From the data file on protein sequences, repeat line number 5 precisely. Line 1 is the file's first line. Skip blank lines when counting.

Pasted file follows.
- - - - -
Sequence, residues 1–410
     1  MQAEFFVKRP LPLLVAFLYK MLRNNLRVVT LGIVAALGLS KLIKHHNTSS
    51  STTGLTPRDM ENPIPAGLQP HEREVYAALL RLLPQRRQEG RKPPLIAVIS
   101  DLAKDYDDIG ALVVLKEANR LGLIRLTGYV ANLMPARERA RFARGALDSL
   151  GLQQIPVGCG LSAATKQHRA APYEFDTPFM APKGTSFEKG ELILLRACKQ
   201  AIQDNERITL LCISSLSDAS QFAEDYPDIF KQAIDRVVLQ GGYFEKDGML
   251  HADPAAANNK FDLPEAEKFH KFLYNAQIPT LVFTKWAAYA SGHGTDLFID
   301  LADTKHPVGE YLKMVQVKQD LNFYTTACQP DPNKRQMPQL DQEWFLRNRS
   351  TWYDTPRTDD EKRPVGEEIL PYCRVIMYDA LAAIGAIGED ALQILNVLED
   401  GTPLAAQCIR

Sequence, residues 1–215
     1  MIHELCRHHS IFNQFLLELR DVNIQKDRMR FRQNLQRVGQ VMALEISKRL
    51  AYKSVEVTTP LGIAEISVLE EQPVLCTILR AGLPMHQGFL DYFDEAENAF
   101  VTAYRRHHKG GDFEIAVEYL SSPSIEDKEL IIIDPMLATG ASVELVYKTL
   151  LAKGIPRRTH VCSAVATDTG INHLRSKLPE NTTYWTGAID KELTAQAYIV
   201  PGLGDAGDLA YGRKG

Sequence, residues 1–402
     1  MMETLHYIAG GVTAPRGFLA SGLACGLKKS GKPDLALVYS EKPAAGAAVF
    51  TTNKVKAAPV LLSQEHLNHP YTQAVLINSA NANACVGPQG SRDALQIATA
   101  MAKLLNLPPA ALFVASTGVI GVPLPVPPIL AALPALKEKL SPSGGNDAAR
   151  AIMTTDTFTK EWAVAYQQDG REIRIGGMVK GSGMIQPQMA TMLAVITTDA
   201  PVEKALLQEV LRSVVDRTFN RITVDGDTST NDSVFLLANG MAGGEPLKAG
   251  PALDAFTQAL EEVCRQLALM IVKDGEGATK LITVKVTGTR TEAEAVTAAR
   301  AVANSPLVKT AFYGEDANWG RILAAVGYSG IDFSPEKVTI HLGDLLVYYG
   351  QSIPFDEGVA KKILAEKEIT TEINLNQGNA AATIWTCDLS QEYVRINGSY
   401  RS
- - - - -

   151  GLQQIPVGCG LSAATKQHRA APYEFDTPFM APKGTSFEKG ELILLRACKQ